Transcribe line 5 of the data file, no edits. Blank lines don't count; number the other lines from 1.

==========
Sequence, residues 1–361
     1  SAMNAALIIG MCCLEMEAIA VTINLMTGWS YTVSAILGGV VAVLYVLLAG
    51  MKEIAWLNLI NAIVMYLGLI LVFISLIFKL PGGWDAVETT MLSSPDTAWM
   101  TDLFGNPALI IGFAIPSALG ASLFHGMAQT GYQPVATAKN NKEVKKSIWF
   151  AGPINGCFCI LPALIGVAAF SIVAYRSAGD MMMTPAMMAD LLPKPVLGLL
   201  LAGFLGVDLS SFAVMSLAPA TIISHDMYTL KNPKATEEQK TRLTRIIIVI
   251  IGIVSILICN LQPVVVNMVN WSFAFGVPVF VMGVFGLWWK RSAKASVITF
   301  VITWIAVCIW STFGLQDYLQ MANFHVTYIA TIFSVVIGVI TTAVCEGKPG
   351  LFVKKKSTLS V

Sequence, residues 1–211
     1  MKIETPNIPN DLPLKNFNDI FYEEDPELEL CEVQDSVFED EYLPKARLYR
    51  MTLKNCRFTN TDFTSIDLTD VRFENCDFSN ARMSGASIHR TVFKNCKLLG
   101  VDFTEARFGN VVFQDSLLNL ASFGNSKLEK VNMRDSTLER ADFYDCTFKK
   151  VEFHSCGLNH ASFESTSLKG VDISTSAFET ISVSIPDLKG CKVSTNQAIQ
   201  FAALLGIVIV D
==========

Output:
   151  AGPINGCFCI LPALIGVAAF SIVAYRSAGD MMMTPAMMAD LLPKPVLGLL